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Author Topic: 9 US industries profiting from the prison-industrial complex.  (Read 1073 times)
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February 20, 2015, 03:28:38 PM

"It's no coincidence that the United States now imprisons more of its people than any other country in the world: mass incarceration has become a giant industry in the U.S., resulting in huge profits not only for private prison companies, but also, for everything from food companies and telecoms to all the businesses that are using prison labor to cut their manufacturing costs. The prison-industrial complex even has its own lobbyists: according to a 2011 report from the Justice Policy Institute (JPI), the U.S.’ largest private prison company, the Corrections Corporation of America (CCA), and their competitor the GEO Group have both spent hundreds of thousands of dollars lobbying forlonger prison sentences. And the American Bail Coalition has been lobbying for the bail bond industry for 23 years.

"One of the main reasons so many people are imprisoned in the U.S. (which now has 25% of the world’s prisoners even though it comprises only 5% of the world’s population) is the war on drugs, which has brought with it draconian sentences for nonviolent drug offenses. In a 2013 report on Americans serving life without parole for nonviolent offenses, the American Civil Liberties Union found that 79% were incarcerated for drug-related convictions. Three-strikes laws, which mandate life without the possibility of parole after a third felony conviction, have also done a lot to expand the prison-industrial complex.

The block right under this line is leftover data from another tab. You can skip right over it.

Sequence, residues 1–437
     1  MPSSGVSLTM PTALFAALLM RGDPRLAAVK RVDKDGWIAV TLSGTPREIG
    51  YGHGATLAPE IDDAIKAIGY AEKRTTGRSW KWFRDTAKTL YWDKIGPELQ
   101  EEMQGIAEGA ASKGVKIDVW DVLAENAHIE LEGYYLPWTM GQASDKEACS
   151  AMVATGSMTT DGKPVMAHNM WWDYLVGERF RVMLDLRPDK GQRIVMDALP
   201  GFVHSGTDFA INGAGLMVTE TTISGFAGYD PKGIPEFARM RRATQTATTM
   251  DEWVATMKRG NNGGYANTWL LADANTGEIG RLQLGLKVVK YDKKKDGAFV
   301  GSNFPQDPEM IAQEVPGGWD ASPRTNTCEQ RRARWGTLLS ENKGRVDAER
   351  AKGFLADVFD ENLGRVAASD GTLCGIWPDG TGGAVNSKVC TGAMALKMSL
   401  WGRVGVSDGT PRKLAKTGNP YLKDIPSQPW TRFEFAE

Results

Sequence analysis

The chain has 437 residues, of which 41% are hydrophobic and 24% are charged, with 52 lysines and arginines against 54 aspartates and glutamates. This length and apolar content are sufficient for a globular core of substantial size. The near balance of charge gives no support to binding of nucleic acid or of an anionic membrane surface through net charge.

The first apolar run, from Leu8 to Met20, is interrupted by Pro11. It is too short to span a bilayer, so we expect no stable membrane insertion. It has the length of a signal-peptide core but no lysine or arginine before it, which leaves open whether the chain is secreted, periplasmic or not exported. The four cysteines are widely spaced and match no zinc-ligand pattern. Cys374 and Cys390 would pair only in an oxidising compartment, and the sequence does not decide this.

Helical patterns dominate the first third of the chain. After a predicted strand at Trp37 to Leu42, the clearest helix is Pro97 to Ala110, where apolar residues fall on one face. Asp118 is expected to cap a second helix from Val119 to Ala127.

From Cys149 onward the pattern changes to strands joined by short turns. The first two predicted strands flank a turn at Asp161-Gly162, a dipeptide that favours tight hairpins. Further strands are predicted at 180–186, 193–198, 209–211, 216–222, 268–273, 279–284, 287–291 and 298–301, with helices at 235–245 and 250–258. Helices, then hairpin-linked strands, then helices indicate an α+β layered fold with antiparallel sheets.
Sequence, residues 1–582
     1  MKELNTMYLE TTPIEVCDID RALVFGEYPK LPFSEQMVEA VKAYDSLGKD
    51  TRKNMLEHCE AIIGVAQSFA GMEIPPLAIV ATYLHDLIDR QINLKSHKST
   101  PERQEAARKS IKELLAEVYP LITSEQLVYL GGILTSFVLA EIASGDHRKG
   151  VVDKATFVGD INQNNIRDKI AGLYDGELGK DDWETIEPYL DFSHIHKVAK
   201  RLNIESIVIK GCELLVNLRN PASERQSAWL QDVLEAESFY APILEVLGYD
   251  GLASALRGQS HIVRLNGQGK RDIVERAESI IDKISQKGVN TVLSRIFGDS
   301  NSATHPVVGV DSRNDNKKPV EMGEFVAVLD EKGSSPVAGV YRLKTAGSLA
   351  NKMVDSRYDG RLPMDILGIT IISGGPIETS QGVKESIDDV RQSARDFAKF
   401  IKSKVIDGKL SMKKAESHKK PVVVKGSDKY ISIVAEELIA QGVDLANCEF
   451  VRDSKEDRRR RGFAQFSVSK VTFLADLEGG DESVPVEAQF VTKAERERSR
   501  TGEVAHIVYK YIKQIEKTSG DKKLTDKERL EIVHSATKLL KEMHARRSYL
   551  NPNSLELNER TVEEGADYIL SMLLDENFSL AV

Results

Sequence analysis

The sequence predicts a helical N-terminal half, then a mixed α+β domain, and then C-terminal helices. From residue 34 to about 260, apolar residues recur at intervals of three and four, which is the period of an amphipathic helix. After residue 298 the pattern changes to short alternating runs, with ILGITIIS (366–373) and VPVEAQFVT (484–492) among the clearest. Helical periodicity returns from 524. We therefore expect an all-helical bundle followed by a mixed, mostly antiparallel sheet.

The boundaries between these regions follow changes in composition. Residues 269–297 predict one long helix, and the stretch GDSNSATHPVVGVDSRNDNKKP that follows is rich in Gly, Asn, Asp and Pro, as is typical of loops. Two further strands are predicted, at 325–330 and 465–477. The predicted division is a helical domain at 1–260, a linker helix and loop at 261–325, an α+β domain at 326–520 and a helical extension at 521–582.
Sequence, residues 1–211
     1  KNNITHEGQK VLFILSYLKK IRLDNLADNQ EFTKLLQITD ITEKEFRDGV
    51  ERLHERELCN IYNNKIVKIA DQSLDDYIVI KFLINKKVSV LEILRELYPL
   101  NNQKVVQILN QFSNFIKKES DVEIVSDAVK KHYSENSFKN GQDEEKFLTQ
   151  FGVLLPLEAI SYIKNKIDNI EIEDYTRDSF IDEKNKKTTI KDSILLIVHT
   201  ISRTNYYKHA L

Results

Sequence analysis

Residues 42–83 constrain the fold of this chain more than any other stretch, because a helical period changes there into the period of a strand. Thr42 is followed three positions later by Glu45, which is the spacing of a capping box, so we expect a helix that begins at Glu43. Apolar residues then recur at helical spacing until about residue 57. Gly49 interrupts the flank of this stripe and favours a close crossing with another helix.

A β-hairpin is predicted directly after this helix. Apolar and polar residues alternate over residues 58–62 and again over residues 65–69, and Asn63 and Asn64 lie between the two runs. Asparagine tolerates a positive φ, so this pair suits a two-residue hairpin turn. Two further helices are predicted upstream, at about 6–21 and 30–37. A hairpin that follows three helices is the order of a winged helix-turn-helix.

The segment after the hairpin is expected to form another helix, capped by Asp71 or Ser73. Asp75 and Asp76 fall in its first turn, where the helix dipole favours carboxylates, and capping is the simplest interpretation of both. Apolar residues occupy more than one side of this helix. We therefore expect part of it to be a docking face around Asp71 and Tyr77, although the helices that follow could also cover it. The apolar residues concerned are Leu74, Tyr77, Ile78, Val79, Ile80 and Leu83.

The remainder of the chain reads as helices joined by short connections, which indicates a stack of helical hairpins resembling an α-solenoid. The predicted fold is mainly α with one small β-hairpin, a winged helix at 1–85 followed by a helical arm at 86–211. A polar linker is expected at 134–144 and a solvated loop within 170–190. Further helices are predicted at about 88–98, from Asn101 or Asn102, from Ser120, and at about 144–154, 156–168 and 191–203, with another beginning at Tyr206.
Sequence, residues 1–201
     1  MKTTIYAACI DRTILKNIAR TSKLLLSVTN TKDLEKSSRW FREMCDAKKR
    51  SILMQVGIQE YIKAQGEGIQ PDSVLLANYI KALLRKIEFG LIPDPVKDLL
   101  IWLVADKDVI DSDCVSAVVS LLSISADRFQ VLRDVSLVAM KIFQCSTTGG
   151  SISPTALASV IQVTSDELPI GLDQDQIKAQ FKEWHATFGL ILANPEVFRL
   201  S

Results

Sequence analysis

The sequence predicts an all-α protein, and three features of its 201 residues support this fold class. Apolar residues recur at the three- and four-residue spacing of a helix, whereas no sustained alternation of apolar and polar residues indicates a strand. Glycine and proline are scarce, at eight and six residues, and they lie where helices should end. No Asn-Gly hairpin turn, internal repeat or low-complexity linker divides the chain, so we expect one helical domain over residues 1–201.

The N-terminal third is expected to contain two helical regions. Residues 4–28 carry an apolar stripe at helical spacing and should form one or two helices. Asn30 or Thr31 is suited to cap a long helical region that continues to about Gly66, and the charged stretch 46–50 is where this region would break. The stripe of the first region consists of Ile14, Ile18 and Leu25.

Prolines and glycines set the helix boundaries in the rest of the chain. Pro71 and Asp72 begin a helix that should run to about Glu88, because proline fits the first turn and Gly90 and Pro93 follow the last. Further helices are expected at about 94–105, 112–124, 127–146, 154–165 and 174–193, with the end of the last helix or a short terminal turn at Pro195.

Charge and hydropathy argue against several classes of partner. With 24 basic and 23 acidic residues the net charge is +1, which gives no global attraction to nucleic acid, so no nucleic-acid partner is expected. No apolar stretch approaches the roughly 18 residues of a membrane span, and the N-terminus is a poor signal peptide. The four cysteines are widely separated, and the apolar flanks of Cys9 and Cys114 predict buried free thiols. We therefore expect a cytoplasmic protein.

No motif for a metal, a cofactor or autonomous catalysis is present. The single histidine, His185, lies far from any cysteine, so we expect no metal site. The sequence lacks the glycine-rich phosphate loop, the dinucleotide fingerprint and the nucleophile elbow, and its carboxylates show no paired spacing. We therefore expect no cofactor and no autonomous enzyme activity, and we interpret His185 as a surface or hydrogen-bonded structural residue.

Reform is at odds with the agenda of many powerful industries. It's well-known that private prison companies draw their profits from mass incarceration, but they’re not the only ones. Here are nine industries that are profiting quite handsomely from the prison-industrial complex and mass incarceration in the U.S".

1. Food supply companies.
2. Telecommunications
3. Healthcare companies
4. Call centers
5. Clothing manufacturers
6. Technology sector
7. Bail industry
8. Food Processing and Packaging
9. Agriculture


Plain to see the 'war on drugs' was just a mechanism for creating a slave labor workforce, no need to send jobs offshore when you can employ you own citizens with zero pay nor workers rights.
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February 20, 2015, 03:34:47 PM

I read somewhere that there are more people in jail in the US for drug related 'crime' than there are people in jail for all offences in Europe (with three times the population).

Extraordinary Claims require Extraordinary Evidence
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February 20, 2015, 04:30:44 PM

Plain to see the 'war on drugs' was just a mechanism for creating a slave labor workforce, no need to send jobs offshore when you can employ you own citizens with zero pay nor workers rights.

that's when I got that the only stable alliance in this world of liars was with those that they call the "Fallen", since then I only learn more and more about how dirty the enslavers of mankind are (money printers, lawyers, judges, cops etc etc), and how rightful I am. Very good I plan to answer before God of my Deed.

money is faster...
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